This raises the question of whether it is possible to design systems such that even the manufacturer can not deliver malicious updates after the fact. “After the fact” being the operative keyword- of course they always have the option of delivering a pre-compromised machine. So a more realistic line to hold is making sure if that a vendor that started out honest can not later changes its mind, regardless of reason. It could be that the vendor itself has gone rogue- the way SourceForge started injecting spyware into binaries after a “change of business model.” Perhaps the HR department hired a corrupt insider- more than a few developers were caught sneaking in Bitcoin mining software into their company applications. Or it could be the situation Apple faces: under a legal order to provide access to specific user data. Varied as the motivations are, from a security perspective they are equivalent. The question is properly framed as one of capability- can the vendor do this?- rather than one of intention (“we promise we would never do this to our users!”), political inclinations or creativity of legal department in pushing back against subpoenas.
From a technology perspective, this problem is non-trivial. Most systems have a “God mode” as part of their security design which gives full control over the system. This role is exempt from the usual security checks that the system diligently applies to all actions. The answer to the access-control question “is this person allowed to read/write/modify this piece of data?” is an unqualified yes for that role. Unix has root, Windows has administrator. Over time changes to the operating system tried to limit the capabilities of these roles. For example 64-bit versions of Windows prevent even admin account from running arbitrary code in kernel-mode by requiring signed drivers. But admins with physical access can still override such restrictions. Meanwhile the introduction of software-update mechanisms introduced yet another cook into the kitchen: the operating system vendor. Taking the example of Windows, MSFT can remotely update operating system components including the kernel itself on modern versions of the OS. That was not always the case and users can still opt-out, but the history of Windows Update shows a very clear progression: what started out as a convenience feature for the minority of users who cared to pull updates morphed into a powerful large-scale distribution channel for pushing updates to everyone by default. Since MSFT can now silently update Windows with arbitrary code of its choice, it effectively has administrator access to all machines running recent versions of that OS. (Note that code-signing has no effect on this capability, although it creates a deterrent effect. Updates have to be signed but MSFT is capable of signing a malicious binary just as much as it is capable of signing a legitimate OS update intended for public consumption. But that signature provides compelling evidence of culpability if the system is later examined forensically.) In short, while modern OS designs attempt to tame old-school “root” account in the name of least-privilege, they have introduced an even more powerful role with remote access. The situation is worse on mobile devices. Android does not give the user root access by default. You have to “root” your device, the equivalent of jail-breaking an iPhone, for earning that capability. Google on the other hand, retains the ability to push updates to the operating system running at root privilege. Power dynamics have been inverted: all-powerful remote entity, highly constrained local user.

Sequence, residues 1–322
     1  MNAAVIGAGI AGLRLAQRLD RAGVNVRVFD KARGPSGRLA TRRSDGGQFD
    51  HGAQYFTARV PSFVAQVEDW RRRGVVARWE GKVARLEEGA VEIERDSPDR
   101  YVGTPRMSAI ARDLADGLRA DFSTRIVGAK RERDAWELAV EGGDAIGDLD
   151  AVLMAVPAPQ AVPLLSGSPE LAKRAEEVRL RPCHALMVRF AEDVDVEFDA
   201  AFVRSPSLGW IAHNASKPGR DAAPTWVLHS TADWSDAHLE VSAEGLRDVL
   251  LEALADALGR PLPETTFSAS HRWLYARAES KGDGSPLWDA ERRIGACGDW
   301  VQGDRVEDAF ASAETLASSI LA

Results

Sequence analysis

To be clear, this notion of an anything-goes account exempt from usual access-control restrictions is very useful. Being able to tweak every knob and update every last component in the system is essential for improving functionality over time. Otherwise bugs could not be fixed and one would have to purchase brand new PC each time they ran into a critical bug deep in the operating system code itself. A platform shipped in permanently “fused” state stuck with its initial software and no ability to deliver future enhancements is a non-starter.* But when the OS itself is responsible for enforcing aspects of security policy— such as who gets to read data residing on an iPhone— unchecked update capability translates into an exemption from previously defined security restrictions.
So is there a middle-ground? The ideal design would allow delivering new functionality over time (so users are not stuck with the hardware as they purchased it on day one) minus the ability to use the update channel for subverting previously defined security policies. It’s easy to craft theoretical designs, but it is more instructive to look at deployed systems. It turns out that an architecture originally intended for managing smart-cards has exactly this characteristic. More surprisingly, the latest iPhone and some Android devices already include a separate piece of hardware called the embedded secure element which obeys that architecture. It’s called Global Platform.
[continued in part II]
* Interestingly that describes the state of many Android devices, not for lack of an auto-update mechanism which certainly exists in Android, but inability/unwillingness of wireless carriers to leverage that channel for delivering updates.